APG: There are a multitude of benefits to FM and Asset Managers, but for them to realise the benefit of BIM post-construction requires buy-in from the client at the outset. I believe educating clients to realise the benefits of BIM for their facilities management team will not only enable BIM to be fully utilised throughout the project lifecycle but will ensure the benefits to the FM team are realised.

AS:  I agree with Ash, that a clear brief for facilities management, set out by educated clients is key.  However, the incentivisation that you mention is fundamentally tied to the long recognised disconnect between capital delivery costs, and long-term operating costs on managed construction projects.  If the client and construction team really focus on a Life Cycle Cost approach through design development, the significantly lower operating costs that a well designed low energy building can deliver should be incentive enough to engage FM & Asset Management teams.  This still relies on ensuring that there is a clear path of communication to include them as project stakeholders in the first place! BIM should provide a much better toolset for engaging with these stakeholders; accurate 3D visualisations, Life Cycle Costing Ability, and accurate 3D as built records with CoBie data are tangibly different to traditional 2D information.


We, as specialist sub-contractors are soon going to “switch off” Autocad and produce all our designs (for commercial kitchens) via Revit. However, there is a real lag between us wishing to fully embrace BIM and manufacturers producing BIM ready models. Is this the case across the wider construction industry and will SM begin to stipulate in any PQQs companies being “BIM L2” ready?

Peter Walker, Garners FSE

APG: Moving away from 2D line-based CAD is definitely the right move, however, we would suggest that ‘turning off’ 2D CAD is a bit of dramatic way to view the transition to working in a 3D environment. 2D information will still be required to facilitate installation on site, and as such we are seeing an approach where a 3D model is used to develop a design concept, with 2D plan and elevation views / drawings being incorporated within the building information model which are then used for production. There are significant time savings available with this approach, because, as any changes are made to the 3D concept design, the 2D drawings which are linked to it should update automatically.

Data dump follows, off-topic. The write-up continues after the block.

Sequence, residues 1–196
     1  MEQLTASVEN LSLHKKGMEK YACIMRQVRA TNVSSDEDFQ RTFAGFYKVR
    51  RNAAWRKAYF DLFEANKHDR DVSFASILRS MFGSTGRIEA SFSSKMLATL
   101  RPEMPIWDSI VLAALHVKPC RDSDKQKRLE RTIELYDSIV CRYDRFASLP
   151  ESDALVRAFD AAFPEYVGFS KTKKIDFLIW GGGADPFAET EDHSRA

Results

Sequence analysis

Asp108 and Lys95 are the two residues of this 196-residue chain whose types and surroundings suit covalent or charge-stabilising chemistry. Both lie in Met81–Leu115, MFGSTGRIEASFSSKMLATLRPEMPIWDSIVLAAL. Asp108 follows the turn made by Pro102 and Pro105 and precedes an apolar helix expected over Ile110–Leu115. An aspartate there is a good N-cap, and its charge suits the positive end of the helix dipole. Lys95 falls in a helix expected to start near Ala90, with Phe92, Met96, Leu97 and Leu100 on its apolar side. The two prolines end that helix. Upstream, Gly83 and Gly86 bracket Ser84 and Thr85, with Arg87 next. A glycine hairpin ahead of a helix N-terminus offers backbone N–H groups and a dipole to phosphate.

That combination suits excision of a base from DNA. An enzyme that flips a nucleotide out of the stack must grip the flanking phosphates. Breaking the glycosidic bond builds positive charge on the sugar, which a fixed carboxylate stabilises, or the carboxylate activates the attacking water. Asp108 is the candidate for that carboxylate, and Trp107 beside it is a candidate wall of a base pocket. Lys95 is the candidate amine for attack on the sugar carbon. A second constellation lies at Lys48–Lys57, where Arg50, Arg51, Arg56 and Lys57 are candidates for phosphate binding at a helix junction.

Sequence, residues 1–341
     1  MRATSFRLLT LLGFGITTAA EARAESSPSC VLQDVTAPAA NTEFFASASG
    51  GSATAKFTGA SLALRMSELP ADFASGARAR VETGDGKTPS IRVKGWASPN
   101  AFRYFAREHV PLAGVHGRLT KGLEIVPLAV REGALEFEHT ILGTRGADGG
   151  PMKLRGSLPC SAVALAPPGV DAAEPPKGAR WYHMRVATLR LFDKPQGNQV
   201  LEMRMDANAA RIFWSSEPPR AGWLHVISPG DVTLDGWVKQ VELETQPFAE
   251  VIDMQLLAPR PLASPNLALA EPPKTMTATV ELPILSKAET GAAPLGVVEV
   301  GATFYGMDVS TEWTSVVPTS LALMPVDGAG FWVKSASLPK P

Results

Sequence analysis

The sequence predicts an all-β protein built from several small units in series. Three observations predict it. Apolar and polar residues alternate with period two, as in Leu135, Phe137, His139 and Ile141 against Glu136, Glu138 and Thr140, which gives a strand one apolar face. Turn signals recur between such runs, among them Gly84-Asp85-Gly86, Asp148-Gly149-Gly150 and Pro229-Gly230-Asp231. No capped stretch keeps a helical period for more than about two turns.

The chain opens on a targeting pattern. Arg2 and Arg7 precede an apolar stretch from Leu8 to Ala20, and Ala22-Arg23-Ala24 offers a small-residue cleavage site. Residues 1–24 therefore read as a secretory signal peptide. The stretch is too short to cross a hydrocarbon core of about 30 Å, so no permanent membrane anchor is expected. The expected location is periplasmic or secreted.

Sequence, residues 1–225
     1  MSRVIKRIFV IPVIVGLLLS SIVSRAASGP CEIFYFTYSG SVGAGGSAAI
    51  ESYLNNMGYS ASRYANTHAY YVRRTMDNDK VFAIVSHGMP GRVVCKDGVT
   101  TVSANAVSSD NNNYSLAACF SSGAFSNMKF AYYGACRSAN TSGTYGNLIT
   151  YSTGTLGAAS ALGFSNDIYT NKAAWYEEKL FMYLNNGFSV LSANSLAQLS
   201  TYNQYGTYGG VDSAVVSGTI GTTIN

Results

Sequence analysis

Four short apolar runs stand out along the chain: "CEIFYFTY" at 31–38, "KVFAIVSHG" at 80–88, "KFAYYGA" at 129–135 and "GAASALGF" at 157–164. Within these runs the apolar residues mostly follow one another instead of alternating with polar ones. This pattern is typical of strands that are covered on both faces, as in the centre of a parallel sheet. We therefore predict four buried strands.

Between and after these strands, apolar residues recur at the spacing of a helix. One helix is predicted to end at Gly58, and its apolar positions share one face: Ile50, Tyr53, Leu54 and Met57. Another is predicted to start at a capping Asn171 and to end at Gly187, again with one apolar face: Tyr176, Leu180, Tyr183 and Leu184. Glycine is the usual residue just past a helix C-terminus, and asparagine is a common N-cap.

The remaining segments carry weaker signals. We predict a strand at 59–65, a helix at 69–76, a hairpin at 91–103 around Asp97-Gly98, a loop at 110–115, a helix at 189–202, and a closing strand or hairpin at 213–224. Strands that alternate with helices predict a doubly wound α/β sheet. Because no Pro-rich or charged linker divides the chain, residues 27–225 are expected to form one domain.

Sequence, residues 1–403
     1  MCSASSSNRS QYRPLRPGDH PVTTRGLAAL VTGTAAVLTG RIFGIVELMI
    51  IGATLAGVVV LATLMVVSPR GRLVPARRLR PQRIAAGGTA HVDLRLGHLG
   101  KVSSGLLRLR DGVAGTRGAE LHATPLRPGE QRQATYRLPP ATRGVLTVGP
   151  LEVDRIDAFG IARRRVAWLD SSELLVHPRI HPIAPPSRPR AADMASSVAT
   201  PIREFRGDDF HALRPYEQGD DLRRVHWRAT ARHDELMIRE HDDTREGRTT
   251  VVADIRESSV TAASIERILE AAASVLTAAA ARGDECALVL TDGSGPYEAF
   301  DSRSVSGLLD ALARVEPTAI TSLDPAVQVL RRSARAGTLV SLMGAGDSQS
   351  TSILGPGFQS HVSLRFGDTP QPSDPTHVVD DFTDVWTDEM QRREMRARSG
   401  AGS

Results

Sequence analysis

We are seeing more and more manufacturers embracing this, particularly the larger outfits who have seen the advantages of moving their 2D CAD details to full 3D components. The NBS BIM library is slowly picking up steam as more manufacturers are coming on board, but is still a long way off being comprehensive. As demand for components/families increase there will be increasing pressure on manufacturers to produce their assemblies in a BIM compliant format, otherwise they will face the threat of losing market share. In the short term if you are unable to find the correct component from the manufacturer there are large libraries available on the web for BIM component/families/assemblies. These can be edited/manipulated to become a manufacturer specific object and you can add in specific parameter to suit your scheduling.  Whilst obviously ‘off the shelf’ 3D components are much more convenient, the ability to create bespoke items is a way round this.


Our first contact from companies like yours is when we receive a request to submit a tender accompanied by large amounts of documentation, how will this change post 2016 and what should we be doing to prepare for those changes?

Andy Moreton, Drewmore Interiors

AS: Hi Andy – Unfortunately, I do not think that we will ever get away from the large amount of information associated with building projects, however, the use of BIM should enable us to ensure that we are getting information to you that is specific to your trade, rather than a morass of information related to the project. The 3D environment should also help to ensure that you can get a good understanding of what the project involves through accurate visualisations, rather than having to traipse through a large paper trail of documents.